Bring Your Questions for N.F.L. Players Union Executive George Atallah
If you follow news about the National Football League — see, for instance, Alan Schwarz‘s game-changing coverage of concussions — then you have recently come across the name George Atallah. He is the assistant executive director of external affairs for the N.F.L. Players Association, and as such has been very visible of late. Atallah was the first hire of DeMaurice Smith, the recently elected head of the N.F.L.P.A., who succeeded the longtime leader Gene Upshaw upon his death.
For years, the common wisdom was that Upshaw was too close to the league and team owners to suit the taste of some current and former players. The implication was that that new leadership in the players union would push for change. Is that happening?
To read the public comments of DeMaurice Smith and George Atallah, you get the sense that the union has indeed taken on more of an activist role than before, from the biggest issues (negotiating a new Collective Bargaining Agreement) to the smaller (introducing its own line of N.F.L. merchandise in lower-end stores like Walgreens and Kroger).
Atallah, 31, was born in Lebanon and moved to New York as a child. Before coming to the N.F.L.P.A., he worked in media strategy and government relations; he also worked as a senior client analyst at Goldman Sachs, after which he became senior development associate for Seeds of Peace. (In order to persuade his parents that leaving Goldman for a non-profit was the right move, he made an elaborate PowerPoint presentation; for the most part, it worked.)
He has agreed to field your questions about the N.F.L., so please leave them in the comments section below. As always, we’ll post his replies in short order. To prime the pump, I sent a few basic questions Atallah’s way; here are his answers:
What are the biggest issues on the N.F.L.P.A.’s agenda over the next 12 months?
Biggest issues include dealing with the health and safety issues of the game and N.F.L. players, negotiating a new C.B.A., and protecting and preparing our membership for a prospective lockout.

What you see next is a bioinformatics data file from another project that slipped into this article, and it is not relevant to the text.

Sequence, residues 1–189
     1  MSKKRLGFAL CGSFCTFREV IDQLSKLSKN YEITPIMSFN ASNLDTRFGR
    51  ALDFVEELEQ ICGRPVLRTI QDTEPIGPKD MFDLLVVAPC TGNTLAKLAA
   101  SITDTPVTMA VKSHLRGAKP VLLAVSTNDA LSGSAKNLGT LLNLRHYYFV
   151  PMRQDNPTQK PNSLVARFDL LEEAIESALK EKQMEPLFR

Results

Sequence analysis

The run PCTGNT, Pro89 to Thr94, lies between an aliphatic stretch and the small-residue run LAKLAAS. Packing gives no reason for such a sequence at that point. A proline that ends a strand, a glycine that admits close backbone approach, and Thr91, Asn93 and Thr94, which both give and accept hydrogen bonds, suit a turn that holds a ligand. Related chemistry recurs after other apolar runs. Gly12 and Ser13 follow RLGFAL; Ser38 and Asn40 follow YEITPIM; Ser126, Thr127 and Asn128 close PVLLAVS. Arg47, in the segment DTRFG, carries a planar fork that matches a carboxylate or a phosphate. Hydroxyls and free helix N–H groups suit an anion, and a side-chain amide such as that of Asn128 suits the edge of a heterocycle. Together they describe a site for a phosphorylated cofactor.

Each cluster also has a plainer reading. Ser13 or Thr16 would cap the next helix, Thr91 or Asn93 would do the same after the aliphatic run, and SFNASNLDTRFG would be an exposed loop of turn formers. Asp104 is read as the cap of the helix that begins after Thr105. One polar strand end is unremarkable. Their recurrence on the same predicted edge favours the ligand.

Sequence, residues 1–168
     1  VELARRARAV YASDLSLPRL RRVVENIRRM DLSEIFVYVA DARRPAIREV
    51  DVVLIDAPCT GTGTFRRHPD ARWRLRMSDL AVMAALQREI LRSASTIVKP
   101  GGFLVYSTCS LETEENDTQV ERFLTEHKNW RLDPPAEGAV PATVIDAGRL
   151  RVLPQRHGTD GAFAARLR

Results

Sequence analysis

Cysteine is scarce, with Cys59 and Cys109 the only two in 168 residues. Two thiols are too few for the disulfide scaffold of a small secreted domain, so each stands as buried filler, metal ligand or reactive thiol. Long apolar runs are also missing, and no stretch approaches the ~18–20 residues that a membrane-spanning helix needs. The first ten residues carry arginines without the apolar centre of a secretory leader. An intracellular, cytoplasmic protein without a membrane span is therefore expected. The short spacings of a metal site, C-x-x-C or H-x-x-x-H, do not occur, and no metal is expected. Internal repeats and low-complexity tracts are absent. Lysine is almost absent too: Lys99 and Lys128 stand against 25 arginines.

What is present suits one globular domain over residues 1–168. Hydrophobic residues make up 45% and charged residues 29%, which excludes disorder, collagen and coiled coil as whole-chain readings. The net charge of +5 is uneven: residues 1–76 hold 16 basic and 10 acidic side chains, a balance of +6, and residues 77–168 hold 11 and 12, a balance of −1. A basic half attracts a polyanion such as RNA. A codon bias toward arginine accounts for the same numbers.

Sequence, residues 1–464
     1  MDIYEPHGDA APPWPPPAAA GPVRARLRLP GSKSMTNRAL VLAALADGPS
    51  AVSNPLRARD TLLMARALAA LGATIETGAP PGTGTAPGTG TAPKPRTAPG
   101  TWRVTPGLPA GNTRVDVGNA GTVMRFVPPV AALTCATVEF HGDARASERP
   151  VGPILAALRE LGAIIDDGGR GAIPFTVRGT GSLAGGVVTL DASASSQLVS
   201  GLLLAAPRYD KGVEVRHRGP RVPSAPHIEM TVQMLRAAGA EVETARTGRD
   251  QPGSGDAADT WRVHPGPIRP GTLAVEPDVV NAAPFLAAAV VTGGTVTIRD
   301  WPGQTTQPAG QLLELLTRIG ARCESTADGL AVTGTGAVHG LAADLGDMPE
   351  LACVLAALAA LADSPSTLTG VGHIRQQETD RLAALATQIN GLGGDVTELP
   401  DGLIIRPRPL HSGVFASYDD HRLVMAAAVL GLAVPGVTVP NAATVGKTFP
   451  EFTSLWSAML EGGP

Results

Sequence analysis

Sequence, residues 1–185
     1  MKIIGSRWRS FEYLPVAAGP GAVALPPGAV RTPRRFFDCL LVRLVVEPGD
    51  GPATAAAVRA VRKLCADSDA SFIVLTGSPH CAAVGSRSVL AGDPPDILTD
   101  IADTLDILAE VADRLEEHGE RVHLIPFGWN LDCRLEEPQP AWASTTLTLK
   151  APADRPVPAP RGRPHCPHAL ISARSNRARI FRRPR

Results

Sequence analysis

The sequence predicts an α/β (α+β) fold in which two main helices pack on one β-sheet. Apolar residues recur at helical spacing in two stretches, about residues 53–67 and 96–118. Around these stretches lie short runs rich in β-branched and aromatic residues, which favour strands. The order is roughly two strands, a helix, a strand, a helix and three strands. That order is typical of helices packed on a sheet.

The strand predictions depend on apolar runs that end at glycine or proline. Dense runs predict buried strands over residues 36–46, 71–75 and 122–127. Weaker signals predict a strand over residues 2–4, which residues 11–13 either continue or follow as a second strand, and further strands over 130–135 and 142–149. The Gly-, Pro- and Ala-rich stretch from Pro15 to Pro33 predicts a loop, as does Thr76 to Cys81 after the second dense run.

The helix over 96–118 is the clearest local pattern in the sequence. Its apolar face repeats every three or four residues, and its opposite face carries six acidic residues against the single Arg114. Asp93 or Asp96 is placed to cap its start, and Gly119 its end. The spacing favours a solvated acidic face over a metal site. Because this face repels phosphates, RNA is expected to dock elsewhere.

Briefly describe the learning experience of stepping into this job from the outside.
The job is not a job to me, but an experience of a lifetime. I believe that not having any experience in the business of football has been beneficial because we have brought some fresh ideas and a fresh approach to this position. The sports universe is great, but we strongly believe that our sport extends beyond this framework and our strategies and tactics are derived from this philosophy. I believe that I am able to bring a little bit of everything to this job from my previous careers. The links that I bring from my media relations firm are obvious to my role, but I also believe that the things I bring from my education (Boston College/ M.B.A. at George Washington University), Goldman Sachs, and Seeds of Peace are very transferable. This includes team building, management, understanding negotiation and mediation, and other things that I use every day.
What would you say are the fundamental differences between the new leadership and Upshaw’s?
Strangely, not many differences. De and I are both students of history and look back to those that have been caretakers of the N.F.L.P.A. for perspective. Much of what we have been saying publicly in this job is very similar to what Gene said during challenging times. We never had a chance to meet Gene, but once a month we look through his archived notes to gain insight into this role. History is very important to us, but I think that our ability to develop plans and strategies from outside the sports world is probably the biggest difference.
How has the dynamic between the league and the N.F.L.P.A. changed since the new leadership?
I think we are still feeling each other out. Adverse actions, however, create some tense feelings. When the owners opted out of the C.B.A. in 2006, they initiated a strategy to possibly lock out the players. Despite public comments to the contrary, the actions taken by the league — in particular hiring Bob Batterman, the lead counsel that built the strategy for N.H.L. lockout — have shown otherwise. This is the atmosphere that we assumed our roles under and it creates innate tension. Once the negotiations become more constructive, I think you’ll see some of that ease.
In the interest of full FTC-required blogger disclosure rules, let me say that I’ve hung out with Atallah a bit in recent months, and, knowing that our household is fond of the Steelers, he gave a pair of Rod Woodson jerseys to my kids. I would have returned them except — well, I didn’t want to. On the other hand: I bought Atallah dinner at a place that wasn’t too cheap, so I came out on well behind.
Addendum: Atallah answers your questions here.